The Problem with American Dream Christianity


Recently, I watched the documentaries Father of Lights and Holy Ghost directed by Darren Wilson. Both films are incredibly faith boosting, as they highlight what happens when an individual totally surrenders themselves to the agenda and purposes of God. In these films, they interview people who have been heavily persecuted for their faith. They go to places that are resistant to the Gospel, places where one could be arrested, or killed, for trying to share the gospel. I see such fire and passion in these individuals. It is clear that the gospel to them is everything. I can't say I always see this same level of passion and intensity in the American Church. I wonder sometimes if we have been lulled into a sense of complacency and even apathy by the comforts and luxuries of the American life. In his book, Radical: Taking Back Your Faith from the American Dream, David Platt describes how we have in many ways traded the call of the Great Commission for the American Dream. He writes, "We desperately need to explore how much of our understanding of the gospel is American and how much is biblical. And in the process we need to examine whether we have miscontrued a proper response to the gospel and maybe even missed the primary reward of the gospel, which is God Himself." I think that as American Christians we assume that God's number one objective is to make us happy. Our grid for happiness is usually wrapped up in financial success, relationships and careers. We want the beautiful home with the white picket fence. None of these things are bad things, but they are not the purpose of a relationship with Jesus. I love how Platt makes it clear that Jesus Himself is our reward. He is the prize. He wants us to share in His mission, which is to "seek and to save the lost" (Luke 19:10). This mission is echoed in the Great Commission, "Therefore go and make disciples of all nations..." (Matt. 28:19).

Jesus encourages us to count the cost before we make the decision to follow Him. We can be sure that following Him will cost us something. He says in Luke 14:27-33,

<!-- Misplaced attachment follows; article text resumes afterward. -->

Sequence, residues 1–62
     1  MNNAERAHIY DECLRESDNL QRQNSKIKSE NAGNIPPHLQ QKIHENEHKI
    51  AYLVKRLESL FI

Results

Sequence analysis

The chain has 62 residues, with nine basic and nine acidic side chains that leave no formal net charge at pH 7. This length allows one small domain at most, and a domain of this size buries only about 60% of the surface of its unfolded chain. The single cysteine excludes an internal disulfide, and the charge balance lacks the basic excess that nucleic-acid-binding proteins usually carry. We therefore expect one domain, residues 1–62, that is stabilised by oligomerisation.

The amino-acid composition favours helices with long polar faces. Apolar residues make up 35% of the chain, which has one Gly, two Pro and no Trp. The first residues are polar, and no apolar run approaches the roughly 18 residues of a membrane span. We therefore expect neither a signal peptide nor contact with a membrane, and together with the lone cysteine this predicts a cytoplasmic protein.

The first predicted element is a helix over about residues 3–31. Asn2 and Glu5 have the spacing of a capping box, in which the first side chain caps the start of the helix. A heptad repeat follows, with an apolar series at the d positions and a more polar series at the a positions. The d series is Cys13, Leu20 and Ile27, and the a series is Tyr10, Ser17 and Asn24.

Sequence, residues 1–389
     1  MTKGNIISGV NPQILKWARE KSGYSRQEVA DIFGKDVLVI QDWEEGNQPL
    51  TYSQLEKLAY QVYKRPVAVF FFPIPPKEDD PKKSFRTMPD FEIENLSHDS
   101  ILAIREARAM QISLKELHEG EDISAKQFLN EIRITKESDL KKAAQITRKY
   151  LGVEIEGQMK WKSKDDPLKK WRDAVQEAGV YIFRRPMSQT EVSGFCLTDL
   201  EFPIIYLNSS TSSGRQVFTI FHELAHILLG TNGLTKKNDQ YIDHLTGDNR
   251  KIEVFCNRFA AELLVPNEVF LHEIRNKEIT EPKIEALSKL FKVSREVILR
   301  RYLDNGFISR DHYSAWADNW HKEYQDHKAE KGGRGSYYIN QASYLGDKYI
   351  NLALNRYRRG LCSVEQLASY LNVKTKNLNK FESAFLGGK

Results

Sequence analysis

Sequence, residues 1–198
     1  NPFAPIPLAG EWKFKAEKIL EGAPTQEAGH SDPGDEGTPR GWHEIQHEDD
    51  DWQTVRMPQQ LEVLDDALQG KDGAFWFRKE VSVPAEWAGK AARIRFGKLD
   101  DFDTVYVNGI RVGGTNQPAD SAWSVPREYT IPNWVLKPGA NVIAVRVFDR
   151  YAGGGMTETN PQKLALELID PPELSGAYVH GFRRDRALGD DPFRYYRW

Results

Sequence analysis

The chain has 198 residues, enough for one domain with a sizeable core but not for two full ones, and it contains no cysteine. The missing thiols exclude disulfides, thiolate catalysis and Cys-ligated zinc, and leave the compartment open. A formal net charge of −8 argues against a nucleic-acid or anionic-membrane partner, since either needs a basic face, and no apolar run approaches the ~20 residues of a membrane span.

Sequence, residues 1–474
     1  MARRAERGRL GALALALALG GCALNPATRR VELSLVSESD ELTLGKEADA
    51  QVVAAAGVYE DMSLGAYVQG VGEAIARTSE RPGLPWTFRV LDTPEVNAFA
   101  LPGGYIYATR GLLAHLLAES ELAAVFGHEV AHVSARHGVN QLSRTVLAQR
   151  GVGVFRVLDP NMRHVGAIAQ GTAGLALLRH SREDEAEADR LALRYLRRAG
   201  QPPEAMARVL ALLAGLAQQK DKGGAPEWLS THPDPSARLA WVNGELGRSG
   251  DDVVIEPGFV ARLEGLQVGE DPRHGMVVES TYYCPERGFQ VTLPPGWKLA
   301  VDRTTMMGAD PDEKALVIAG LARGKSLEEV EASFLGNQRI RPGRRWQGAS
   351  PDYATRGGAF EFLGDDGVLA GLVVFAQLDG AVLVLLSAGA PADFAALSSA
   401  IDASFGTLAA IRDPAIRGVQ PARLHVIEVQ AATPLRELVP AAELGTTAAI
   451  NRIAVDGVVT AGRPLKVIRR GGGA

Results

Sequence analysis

And whoever does not carry their cross and follow me cannot be my disciple. Suppose one of you wants to build a tower. Won't you first sit down and estimate the cost to see if you have enough money to complete it? For if you lay the foundation and are not able to finish it, everyone who sees it will ridicule you, saying, 'This person began to build and wasn't able to finish.' Or suppose a king is about to go to war against another king. Won't he first sit down and consider whether he is able with ten thousand men to oppose the one coming against him with twenty thousand? If he is not able , he will send a delegation while the other is still a long way off and will ask for terms of peace. In the same way, those of you who do not give up everything you have cannot be my disciples.

Are we willing to give up everything that we have to follow Jesus? Are we willing to sacrifice the comforts of the American dream to see His purposes fulfilled in the earth? Are we willing to follow Him even if it means we lose friends and loved ones? Are we willing to serve Him even if it means persecution? Are we willing to share in His sufferings or only in His joys? David Platt puts it this way, "Surely more than praying a prayer is involved. Surely more than religious attendance is warranted. Surely this gospel evokes unconditional surrender of all that we are and all that we have to all that He is."

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